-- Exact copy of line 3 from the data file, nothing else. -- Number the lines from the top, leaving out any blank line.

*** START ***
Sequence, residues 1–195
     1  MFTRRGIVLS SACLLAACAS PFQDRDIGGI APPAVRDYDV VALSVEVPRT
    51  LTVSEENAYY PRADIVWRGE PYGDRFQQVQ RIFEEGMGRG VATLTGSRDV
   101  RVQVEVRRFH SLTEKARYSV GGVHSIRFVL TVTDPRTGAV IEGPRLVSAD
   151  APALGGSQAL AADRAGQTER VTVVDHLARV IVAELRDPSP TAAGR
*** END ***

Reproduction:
    51  LTVSEENAYY PRADIVWRGE PYGDRFQQVQ RIFEEGMGRG VATLTGSRDV